Hello all! I am so enjoying writing this blog and I hope you all are having fun reading it. Recently, I’ve been watching Julia Child’s cooking show, “The French Chef” on Youtube and stumbled upon her cheese soufflé! I whipped this up for my lunch and felt as if I was sitting in a café in Paris. This soufflé is so light and fluffy and makes for the perfect lunch! I combined a couple of different recipes and methods, so I will include exactly the recipe I crafted. This made two small soufflés, perfect for you and a friend. Of course, I’m the only one home at this time on a weekday, so I’m munching on the second one as I type.
The full recipe and cooking instructions are at the bottom!
To start, I grate my cheese. I do this first because you must grease your baking dish with some butter and cheese before anything else! I used a fresh gruyere cheese.
Whole Foods had a cute display for the gruyere! I normally would have used parmesan, but I decided to branch out. Gruyere is also the cheese that Julia Child used. I am trying to learn to love cheese…. It’s going to be a slow process.
Next is the béchamel sauce! It kind of looks like gravy, probably because it is very similar to it! It is made with butter, flour, and milk. YUM. Apparently, béchamel sauce is a staple in French cooking and is used in many other dishes! I wait to add the cheese so that it can melt in the oven, rather than on the stove. Another one of Julia Child’s tips.
This is the most difficult part. You must whip the egg whites until they stiffen (become super duper foamy). The way to tell when you’ve whipped them enough is by the way they create these little mountains! I’ve tried to photograph it here for you to see. So, the original egg whites are on the left, and the fully whipped ones are on the right. Most people do this with a lovely stand mixer or electric hand mixer, but sadly I only had my human hands and a whisk. I figured that surely this dish pre-dates electric mixers, so surely I can whip these up by hand!
Whipping these up took around 7 minutes, and I broke a sweat. Both of my arms hurt.
Now, fold them into your béchamel sauce. And I do mean fold. Make sure not to mix/spoon them in or it will effect the rise of your soufflé, aka the most exciting part of this dish.
And here they are! I was so shocked that they actually puffed up that I dove onto my kitchen floor to photograph them in the oven. So light and fluffy–the perfect French lunch.
3 large eggs. Use all 3 egg whites, but discard one of the yolks. So, 2 yolks.
1/4 cup cheese. I used gruyere, but you can use parmesan as well.
3 tablespoons all purpose flour.
3/4 cup whole milk. I like to use very fresh milk when cooking, so I used non-homogenized milk from a local New York dairy farm, Ronnybrook.
2 tablespoons butter. I’m very picky about my butter and I like to use Kerrygold salted Irish Butter. Non-American butter is fattier, aka tastier. I eat this on bread 24/7.
Salt, pepper, and cayenne sauce or chili powder to taste. Julia Child recommends using fresh nutmeg as well!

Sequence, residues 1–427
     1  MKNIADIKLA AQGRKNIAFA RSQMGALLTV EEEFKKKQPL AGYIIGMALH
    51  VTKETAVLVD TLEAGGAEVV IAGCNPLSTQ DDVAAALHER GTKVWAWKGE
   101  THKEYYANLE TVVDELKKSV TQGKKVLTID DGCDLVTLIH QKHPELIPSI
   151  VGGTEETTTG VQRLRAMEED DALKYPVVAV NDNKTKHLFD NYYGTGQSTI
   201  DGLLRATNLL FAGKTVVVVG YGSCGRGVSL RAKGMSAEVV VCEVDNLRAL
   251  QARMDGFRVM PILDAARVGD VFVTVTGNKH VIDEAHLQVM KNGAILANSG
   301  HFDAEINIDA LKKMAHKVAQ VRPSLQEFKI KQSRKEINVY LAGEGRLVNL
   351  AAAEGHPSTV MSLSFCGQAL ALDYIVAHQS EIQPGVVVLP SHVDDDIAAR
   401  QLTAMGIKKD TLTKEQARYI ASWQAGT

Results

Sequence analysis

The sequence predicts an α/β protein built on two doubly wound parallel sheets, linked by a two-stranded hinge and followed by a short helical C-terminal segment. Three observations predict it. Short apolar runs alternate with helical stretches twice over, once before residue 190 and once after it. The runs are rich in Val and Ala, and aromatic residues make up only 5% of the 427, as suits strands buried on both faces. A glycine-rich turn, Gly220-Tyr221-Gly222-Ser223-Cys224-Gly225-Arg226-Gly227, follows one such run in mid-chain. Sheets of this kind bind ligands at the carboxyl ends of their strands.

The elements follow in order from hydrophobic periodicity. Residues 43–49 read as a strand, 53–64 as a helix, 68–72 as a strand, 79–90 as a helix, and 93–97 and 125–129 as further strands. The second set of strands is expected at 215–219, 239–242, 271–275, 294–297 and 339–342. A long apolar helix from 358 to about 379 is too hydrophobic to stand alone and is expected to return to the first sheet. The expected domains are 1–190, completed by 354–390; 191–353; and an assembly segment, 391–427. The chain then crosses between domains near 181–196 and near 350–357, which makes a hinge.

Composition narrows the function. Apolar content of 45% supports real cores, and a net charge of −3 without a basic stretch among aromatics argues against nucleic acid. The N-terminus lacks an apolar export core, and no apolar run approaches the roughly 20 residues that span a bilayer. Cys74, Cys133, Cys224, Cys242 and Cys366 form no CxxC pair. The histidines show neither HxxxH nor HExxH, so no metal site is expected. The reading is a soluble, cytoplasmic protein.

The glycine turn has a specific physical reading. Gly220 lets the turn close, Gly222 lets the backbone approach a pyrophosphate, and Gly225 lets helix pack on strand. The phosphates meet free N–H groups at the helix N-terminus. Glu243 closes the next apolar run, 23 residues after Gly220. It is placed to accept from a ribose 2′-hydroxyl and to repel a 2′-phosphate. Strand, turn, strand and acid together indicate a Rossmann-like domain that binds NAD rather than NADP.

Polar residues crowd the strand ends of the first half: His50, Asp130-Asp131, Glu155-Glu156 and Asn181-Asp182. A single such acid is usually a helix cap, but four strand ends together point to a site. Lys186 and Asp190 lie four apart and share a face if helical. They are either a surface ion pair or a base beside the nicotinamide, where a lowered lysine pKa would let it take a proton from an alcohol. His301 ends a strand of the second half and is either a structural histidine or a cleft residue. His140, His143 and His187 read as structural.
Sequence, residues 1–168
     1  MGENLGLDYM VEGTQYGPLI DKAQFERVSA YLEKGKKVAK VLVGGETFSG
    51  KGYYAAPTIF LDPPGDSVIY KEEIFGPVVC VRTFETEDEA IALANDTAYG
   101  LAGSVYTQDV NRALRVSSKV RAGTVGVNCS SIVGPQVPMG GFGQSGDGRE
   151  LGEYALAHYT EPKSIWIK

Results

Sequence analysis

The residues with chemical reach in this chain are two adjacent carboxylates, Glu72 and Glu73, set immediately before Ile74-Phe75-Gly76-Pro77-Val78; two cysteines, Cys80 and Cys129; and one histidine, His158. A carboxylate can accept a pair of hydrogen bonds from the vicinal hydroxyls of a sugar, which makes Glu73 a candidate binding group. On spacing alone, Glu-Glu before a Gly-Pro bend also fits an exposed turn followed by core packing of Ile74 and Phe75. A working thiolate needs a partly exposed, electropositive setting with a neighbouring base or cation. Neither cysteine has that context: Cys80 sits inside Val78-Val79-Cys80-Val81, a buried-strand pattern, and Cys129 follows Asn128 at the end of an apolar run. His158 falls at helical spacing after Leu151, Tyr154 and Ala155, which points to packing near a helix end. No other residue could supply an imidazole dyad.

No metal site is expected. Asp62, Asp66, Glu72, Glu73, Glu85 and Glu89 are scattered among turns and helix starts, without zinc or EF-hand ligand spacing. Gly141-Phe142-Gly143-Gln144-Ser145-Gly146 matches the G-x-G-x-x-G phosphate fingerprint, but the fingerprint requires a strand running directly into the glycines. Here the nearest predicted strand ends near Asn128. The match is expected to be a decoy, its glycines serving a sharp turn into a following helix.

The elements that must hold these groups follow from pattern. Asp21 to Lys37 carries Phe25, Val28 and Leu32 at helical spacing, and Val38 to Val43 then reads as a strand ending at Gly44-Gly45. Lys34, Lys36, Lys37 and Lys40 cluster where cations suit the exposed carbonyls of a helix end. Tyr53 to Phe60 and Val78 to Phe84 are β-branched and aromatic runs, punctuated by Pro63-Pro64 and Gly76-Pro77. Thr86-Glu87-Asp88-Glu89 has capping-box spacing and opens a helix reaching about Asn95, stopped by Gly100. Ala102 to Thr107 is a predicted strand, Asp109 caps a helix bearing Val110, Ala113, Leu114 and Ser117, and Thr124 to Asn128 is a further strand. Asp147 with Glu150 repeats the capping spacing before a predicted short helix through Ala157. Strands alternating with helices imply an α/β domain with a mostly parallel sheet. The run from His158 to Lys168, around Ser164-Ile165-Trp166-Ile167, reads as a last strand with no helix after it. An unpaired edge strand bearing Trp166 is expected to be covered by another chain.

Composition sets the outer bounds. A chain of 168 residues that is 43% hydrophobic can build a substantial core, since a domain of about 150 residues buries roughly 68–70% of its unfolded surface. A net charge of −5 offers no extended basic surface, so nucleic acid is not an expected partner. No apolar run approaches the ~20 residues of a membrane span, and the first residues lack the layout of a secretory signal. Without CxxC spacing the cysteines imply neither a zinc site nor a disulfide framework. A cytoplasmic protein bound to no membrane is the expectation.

I like to have all of my ingredients ready to go before I start cooking. So, I start by grating my cheese. I then separate my egg yolks from my egg whites. You can keep the 2 yolks in a small dish, but make sure to put the 3 egg whites in a large mixing bowl. Take two oven safe ramekins and grease them with butter and sprinkle some of the cheese around as well. You can use other oven safe dishes, but this is what I did.
Next, I make the béchamel sauce. Start by melting the butter into a saucepan. Once melted, add the flour and whisk in. Allow it to cook for around 2 minutes, but don’t allow it to get overly brown. Then add in your milk. Whisk it all together until it becomes thick. It usually takes around 2 minutes to thicken. Take it off the burner and let it cool for a couple of minutes. Dip your finger in for a taste. Delicious! Then, add in your egg yolks and seasonings, stirring thoroughly.
Now for the difficult part. If you have a mixer of any kind, use it. You must whisk the egg whites up until they become hard. Basically, you know you are done when you pull your whisk up and the egg whites pull up on it from the base. They will fall back and make a petite montagne. You can see this in one of my photos. If doing by hand, this can take up to 10 minutes. Hold your mixing bowl by your side and lock your elbow so that you are only whisking with your wrist. If you throw your entire body into this you will tire quickly. For me, this took about 7 minutes and by the end of it I was cradling the bowl like a baby and pacing back and forth in my kitchen. I think I’m now ambidextrous.
Add a heaping spoonful of the egg whites into your sauce, and mix in. The sauce should lighten a shade. Then, add in the rest of the egg whites. Using a spatula, fold in the egg whites. Do not mix them with a spoon or fork or whisk. Scrape from the bottom of the pan and fold over. This takes a little bit of time, but it is worth it. If you watch the Julia Child video I linked at the top, she does this folding technique perfectly!
Pour the mixture into the two ramekins, coming about 3/4 of the way from the top, and broil them in your oven on the lowest rack for 3 minutes. Once done, switch your oven over to bake at 400 degrees for 20 minutes. They will start to rise in the last ten minutes and they will not spill over, though I worriedly crouched by my oven for the last 5 minutes willing them to stay put. Make sure not to open your oven during this process, as this will effect the rise!
Aaaand voila! Bon appetit!!
I listened to French accordion music while cooking, because what else should you be listening to while making a soufflé??
I bought some eucalyptus from the store today. I also got a New York Strip that was on sale! Yum.